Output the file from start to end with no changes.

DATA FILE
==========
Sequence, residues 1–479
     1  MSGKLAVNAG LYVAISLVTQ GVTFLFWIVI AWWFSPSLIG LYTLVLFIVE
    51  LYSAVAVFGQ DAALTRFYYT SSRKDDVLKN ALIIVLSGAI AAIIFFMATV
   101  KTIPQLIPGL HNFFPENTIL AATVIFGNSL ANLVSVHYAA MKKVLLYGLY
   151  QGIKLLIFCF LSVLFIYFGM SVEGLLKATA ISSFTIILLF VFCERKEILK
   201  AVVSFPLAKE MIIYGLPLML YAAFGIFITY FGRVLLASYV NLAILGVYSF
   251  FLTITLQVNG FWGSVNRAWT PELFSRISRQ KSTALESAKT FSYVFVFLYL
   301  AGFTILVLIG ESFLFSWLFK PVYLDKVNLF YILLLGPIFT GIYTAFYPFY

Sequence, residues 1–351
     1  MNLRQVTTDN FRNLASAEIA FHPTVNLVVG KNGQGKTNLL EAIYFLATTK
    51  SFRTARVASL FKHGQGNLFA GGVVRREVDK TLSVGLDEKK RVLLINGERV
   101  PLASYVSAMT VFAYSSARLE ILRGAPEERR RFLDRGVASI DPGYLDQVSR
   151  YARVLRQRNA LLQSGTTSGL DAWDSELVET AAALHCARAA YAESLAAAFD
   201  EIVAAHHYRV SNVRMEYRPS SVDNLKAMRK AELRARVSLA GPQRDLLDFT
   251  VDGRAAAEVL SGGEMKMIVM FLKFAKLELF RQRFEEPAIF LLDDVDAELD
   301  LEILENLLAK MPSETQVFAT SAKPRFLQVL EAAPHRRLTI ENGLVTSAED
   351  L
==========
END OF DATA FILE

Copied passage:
Sequence, residues 1–479
     1  MSGKLAVNAG LYVAISLVTQ GVTFLFWIVI AWWFSPSLIG LYTLVLFIVE
    51  LYSAVAVFGQ DAALTRFYYT SSRKDDVLKN ALIIVLSGAI AAIIFFMATV
   101  KTIPQLIPGL HNFFPENTIL AATVIFGNSL ANLVSVHYAA MKKVLLYGLY
   151  QGIKLLIFCF LSVLFIYFGM SVEGLLKATA ISSFTIILLF VFCERKEILK
   201  AVVSFPLAKE MIIYGLPLML YAAFGIFITY FGRVLLASYV NLAILGVYSF
   251  FLTITLQVNG FWGSVNRAWT PELFSRISRQ KSTALESAKT FSYVFVFLYL
   301  AGFTILVLIG ESFLFSWLFK PVYLDKVNLF YILLLGPIFT GIYTAFYPFY

Sequence, residues 1–351
     1  MNLRQVTTDN FRNLASAEIA FHPTVNLVVG KNGQGKTNLL EAIYFLATTK
    51  SFRTARVASL FKHGQGNLFA GGVVRREVDK TLSVGLDEKK RVLLINGERV
   101  PLASYVSAMT VFAYSSARLE ILRGAPEERR RFLDRGVASI DPGYLDQVSR
   151  YARVLRQRNA LLQSGTTSGL DAWDSELVET AAALHCARAA YAESLAAAFD
   201  EIVAAHHYRV SNVRMEYRPS SVDNLKAMRK AELRARVSLA GPQRDLLDFT
   251  VDGRAAAEVL SGGEMKMIVM FLKFAKLELF RQRFEEPAIF LLDDVDAELD
   301  LEILENLLAK MPSETQVFAT SAKPRFLQVL EAAPHRRLTI ENGLVTSAED
   351  L